While inequities among Black men have recently come to the attention and consciousness of many due to current events like the COVID-19 pandemic and killings of Mr. George Floyd and Mr. Ahmaud Arbery, experts like Derek Griffith, PhD, and Charles Rogers, PhD, MPH, MS, CHES, have dedicated their careers to addressing men’s health issues. Dr. Griffith is Professor of Medicine, Health and Society, and he is the Founder and Director of the Center for Research on Men’s Health at Vanderbilt University.  Dr. Rogers is an Assistant Professor in the Division of Public Health at the University of Utah School of Medicine, an Associate Member at the Huntsman Cancer Institute, Founding Director of the Men’s Health Inequities Research Lab, and an Associate Member of the Michigan Mixed Methods Program. Below, they lend their perspectives on a vision for achieving Black men’s health equity.

What do you think are existing challenges in achieving equity in men’s health outcomes?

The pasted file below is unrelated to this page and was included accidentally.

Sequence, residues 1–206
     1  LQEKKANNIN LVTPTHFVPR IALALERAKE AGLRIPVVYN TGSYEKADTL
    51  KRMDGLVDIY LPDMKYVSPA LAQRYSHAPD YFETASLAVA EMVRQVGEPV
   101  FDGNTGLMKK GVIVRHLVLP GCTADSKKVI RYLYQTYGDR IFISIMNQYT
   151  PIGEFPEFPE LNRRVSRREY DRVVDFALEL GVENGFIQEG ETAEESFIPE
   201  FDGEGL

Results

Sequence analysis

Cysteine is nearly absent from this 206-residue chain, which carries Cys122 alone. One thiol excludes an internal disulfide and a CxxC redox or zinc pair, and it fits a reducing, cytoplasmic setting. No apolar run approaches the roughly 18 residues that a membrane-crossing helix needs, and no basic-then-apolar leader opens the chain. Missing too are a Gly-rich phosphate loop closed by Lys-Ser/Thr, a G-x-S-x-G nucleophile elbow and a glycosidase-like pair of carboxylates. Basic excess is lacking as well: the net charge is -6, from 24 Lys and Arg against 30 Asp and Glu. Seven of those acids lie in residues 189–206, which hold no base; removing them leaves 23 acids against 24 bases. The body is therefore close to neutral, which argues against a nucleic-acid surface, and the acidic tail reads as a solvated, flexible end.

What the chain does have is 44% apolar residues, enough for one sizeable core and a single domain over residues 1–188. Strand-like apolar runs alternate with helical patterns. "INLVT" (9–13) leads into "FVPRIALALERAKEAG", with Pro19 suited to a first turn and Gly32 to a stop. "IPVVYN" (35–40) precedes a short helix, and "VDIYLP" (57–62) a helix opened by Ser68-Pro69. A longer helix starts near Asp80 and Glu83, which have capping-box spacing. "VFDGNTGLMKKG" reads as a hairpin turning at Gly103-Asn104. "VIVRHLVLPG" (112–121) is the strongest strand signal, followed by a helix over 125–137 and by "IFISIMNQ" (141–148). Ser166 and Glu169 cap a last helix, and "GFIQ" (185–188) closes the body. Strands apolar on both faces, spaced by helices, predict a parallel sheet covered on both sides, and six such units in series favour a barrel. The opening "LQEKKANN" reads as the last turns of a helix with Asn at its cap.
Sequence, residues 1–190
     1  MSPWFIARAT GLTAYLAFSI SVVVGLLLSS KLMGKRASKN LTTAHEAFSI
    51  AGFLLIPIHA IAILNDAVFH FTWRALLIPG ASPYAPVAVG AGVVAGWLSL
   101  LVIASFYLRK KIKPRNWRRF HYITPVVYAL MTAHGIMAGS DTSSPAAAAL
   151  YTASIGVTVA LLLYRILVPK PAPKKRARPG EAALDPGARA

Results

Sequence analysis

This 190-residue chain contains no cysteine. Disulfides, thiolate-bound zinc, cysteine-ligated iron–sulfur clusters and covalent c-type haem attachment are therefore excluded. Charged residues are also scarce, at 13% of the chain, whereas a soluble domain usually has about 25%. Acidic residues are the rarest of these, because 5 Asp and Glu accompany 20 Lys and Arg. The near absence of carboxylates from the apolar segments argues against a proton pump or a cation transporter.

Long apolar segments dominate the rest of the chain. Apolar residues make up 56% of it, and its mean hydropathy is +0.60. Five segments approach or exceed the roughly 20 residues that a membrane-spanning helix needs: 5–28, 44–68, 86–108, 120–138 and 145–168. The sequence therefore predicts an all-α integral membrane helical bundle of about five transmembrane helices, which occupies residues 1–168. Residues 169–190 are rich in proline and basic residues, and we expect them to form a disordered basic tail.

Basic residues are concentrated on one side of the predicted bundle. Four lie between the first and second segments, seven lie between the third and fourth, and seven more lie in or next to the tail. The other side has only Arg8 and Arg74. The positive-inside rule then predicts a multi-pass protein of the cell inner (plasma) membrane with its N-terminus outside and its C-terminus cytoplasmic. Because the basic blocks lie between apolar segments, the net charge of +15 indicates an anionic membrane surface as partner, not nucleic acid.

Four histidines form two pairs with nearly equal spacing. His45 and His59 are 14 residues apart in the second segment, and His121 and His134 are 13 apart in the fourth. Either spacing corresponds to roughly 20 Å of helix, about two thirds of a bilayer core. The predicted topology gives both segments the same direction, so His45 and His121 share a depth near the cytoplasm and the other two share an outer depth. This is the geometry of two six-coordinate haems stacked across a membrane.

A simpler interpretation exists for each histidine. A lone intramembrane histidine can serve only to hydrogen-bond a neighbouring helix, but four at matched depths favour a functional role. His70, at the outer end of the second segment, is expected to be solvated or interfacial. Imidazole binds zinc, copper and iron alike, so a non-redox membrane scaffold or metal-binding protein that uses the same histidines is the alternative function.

Dr. Griffith: The biggest challenge in achieving equity in men’s health outcomes is the fact that few policies or programmatic strategies take into account both the gendered and non-gendered factors that are obstacles to health equity and optimal health. For example, most strategies consider race and sex/gender separately and do not consider how these factors intersect. The second biggest challenge is that most data used to evaluate programs and policies similarly separate race and sex but do not consider the intersection of the two to determine if race by sex/gender groups fare differently than considering either factor alone. The third challenge I will mention is that we tend not to consider the full range of determinants of health are gendered and racialized in our conceptions of the problems or in our policy or programmatic interventions.